Then in Cambridge, City Manager Robert Healy and in Boston, Mayor Thomas Menino each preemptively said publicly not to consider asking those cities to find a burial spot. Eh? I don’t know Healy, but I do know and like Menino. Such a position is beneath him.

At least some at the Globe have a more historically and humanitarian and reality based view. Consider Adrian Walker’s column today that in effect says bury the elder Tsarnaev brother, let the story fade from the news and give some peace and a little closure to those affected. A fitting companion piece by Peter Schworm cites how other hated mass murderers, child molesters and such were quickly and quietly planted without endless public drama and ceaseless coverage.

The classic message for no rest to the wicked is holding around here. Think the multiple places in Isiah, such as 57:20, But the wicked are like the troubled sea, when it cannot rest, whose waters cast up mire and dirt.

If MA history holds, Dzhokhar Tsarnaev will be convicted of the Marathon bombings, he will get life without possibility of parole instead of execution, and he will die in prison not too long away — either by his own hand or that of another inmate. That’s what we do here with the infamous and despised.

Given my classics background, my first thoughts when so many began making so much of the disposition of the corpse was to reflect on Plato’s Phaedo, describing the last hours of Socrates’ life. The philosopher had the long view and made sport with follower Crito over what he viewed as petty concerns about his corpse.

With death pending for Socrates, Crito tried to be helpful and respectful, going for the mundane details. He even asked, “How shall we bury you.” The old wag started with a joke — “Just as you please. if only you can catch me, and I do not escape from you.”

Then he got more to the point. He said not to refer to the body as Socrates. It will be just a body and not the person. Thus usual or customary disposal is fine. “You must have a good courage, then, and say that you bury my body, and bury it in such a manner as is pleasing to you, and as you think is most agreeable to our laws.”

So it is here. Tamerlan Tsarnaev died three and one half weeks ago. Only those who involve themselves in keeping him alive to the public through their arrogant and self-centered proclamations cannot let him die.

My Family Didn’t Bargain

April 22nd, 2013

Surely it’s too late to become a person who dickers for everything…or anything. I wasn’t raised that way.

However this afternoon I found myself forced at my end of a complaining phone call to negotiate. It’s damn tough for me.

I grew up observing people who haggle, which suddenly became common when I went to high school in New Jersey and later lived a decade in Manhattan. Although here living in Cambridge for a while during college, I had one chum who took her sport to the Haymarket and got phenomenal deals, matching resolve with the stall vendors.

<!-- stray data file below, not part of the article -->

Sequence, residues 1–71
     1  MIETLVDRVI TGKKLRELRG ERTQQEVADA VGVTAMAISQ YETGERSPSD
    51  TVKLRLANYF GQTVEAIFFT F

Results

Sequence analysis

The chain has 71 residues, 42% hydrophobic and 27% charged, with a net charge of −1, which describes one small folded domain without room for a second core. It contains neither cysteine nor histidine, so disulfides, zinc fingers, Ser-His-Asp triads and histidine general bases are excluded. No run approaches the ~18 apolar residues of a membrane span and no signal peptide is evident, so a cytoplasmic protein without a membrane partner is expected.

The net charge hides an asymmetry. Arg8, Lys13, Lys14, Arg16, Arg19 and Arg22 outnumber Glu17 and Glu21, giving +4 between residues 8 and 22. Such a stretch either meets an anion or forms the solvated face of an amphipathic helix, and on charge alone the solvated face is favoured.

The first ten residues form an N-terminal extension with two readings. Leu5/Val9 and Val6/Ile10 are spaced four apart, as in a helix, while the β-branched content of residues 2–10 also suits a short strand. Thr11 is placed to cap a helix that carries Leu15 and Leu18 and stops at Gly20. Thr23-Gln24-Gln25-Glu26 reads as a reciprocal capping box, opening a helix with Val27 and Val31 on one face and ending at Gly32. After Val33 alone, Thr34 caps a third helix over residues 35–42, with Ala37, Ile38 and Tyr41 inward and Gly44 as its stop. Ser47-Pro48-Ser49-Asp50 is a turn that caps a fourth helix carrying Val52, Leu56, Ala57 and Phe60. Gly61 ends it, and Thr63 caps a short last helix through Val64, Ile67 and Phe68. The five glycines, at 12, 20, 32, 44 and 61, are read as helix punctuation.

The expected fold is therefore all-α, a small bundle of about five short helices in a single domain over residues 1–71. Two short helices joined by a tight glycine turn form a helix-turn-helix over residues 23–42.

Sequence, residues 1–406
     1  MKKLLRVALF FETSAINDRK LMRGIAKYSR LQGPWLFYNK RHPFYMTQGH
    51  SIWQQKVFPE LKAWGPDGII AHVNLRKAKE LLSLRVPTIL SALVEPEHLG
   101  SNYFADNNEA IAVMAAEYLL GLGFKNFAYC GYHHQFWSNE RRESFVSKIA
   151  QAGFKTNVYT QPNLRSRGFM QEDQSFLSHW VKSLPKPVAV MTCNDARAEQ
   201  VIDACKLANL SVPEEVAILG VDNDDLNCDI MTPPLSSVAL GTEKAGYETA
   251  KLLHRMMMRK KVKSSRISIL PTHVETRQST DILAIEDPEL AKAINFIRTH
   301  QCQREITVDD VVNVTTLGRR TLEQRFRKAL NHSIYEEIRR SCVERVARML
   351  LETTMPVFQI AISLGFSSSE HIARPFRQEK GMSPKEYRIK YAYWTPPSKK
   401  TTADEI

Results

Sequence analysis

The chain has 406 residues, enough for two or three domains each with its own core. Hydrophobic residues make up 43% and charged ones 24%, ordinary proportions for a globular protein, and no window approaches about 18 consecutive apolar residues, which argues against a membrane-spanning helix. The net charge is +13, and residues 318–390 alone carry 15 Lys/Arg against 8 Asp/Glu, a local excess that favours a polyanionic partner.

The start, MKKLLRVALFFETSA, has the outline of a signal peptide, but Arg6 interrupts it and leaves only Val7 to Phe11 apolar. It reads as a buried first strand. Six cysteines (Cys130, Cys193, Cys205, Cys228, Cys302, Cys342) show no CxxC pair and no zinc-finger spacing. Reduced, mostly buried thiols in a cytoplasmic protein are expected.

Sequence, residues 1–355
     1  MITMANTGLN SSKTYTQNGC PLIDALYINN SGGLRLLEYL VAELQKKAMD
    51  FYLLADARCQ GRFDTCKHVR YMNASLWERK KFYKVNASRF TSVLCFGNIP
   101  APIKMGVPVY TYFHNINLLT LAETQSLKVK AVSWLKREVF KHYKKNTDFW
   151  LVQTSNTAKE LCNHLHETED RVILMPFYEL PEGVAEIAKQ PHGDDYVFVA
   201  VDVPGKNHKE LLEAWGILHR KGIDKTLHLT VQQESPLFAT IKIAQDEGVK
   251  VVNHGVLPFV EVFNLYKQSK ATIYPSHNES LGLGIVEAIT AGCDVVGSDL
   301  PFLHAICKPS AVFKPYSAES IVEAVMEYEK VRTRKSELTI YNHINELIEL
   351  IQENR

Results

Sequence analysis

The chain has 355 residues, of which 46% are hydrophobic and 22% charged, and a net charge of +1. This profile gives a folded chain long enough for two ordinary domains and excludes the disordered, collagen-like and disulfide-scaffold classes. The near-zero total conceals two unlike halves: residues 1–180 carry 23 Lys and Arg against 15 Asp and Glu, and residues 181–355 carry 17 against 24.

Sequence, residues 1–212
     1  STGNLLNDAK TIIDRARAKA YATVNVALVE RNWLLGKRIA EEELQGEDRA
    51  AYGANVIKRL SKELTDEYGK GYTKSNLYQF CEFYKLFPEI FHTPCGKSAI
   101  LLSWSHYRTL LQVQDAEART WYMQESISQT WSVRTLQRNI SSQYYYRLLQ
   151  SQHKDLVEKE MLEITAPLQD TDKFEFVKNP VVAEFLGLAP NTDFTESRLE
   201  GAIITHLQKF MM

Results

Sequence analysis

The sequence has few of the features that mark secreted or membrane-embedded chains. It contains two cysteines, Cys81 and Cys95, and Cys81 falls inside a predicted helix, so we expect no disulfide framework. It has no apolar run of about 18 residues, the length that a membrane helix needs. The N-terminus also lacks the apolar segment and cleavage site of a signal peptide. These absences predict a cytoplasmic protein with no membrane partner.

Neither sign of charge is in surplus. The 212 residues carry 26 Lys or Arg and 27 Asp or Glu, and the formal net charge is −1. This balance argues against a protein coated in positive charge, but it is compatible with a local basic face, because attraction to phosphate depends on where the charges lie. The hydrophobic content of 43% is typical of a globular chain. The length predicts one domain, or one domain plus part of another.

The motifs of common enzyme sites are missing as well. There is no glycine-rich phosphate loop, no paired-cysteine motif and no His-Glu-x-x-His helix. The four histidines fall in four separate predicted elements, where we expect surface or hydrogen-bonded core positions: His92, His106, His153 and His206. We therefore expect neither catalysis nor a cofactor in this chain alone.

In many ways, I envy the hagglers. I’m not clear why I can’t get over this part of my upbringing. I feel very uncomfortable where others would jump right into proposing a deal, and then enjoying the back and forth, then being ready to walk away at any moment if there’s no progress.

Today’s haggle was thrust upon me. A tub refinishing company showed up to work when I was not back from the gym yet. The $399, plus $50 for a color other than white, bid suddenly shifted. The tub tech said the residual glue from the liner needed to go to get the glaze to bond — at an extra $150. I had gotten and agreed to the bid and she felt kind of stuck. The rest of the bath rehab depended on the tub refinishing.

I called after the job and the check writing. The manager alternated between unctuous and paternal.  Ha ha ha, he called his tech, and reported back to me that the extra cleaning was absolutely necessary, it took over an hour, and that we got off lucky, at the low end of the service fee. Then suddenly, we want happy customers. And so it went, with me expressing my surprise, disappointment and anger. He said he not only had the smart-phone image, but that my wife had approved the big bump. I said $445 suddenly becoming about $600 was unreasonable and that I’d told them before they arrived and even before our bid that there was glue from the old liner, as well as that their site said cleaning was part of the operation. Back and forth, back and forth, each of us added angles and details and posits.

I continued to feel and think the fee unreasonable. Then just as suddenly, he shifted to bargaining. When we were at an impasse, he asked what it would take to make me happy.  Suddenly I was back at the Haymarket, watching Peggy at work, dickering for a box of fruit. While I normally would turn away, I did feel the discomfort but felt compelled to get some morsel from the deal.

We went back and forth a few more times, but now to force the other to make an offer. He wouldn’t, I wouldn’t. I remembered from my articles for business magazines that the first one to make an offer loses.  Eventually though, he wore me down. He had no intention of telling me what he thought would make me happy. So, I looked internally at the $150 and figured he’d bite on on the low end, $50, or the silly fee for biscuit, instead of white.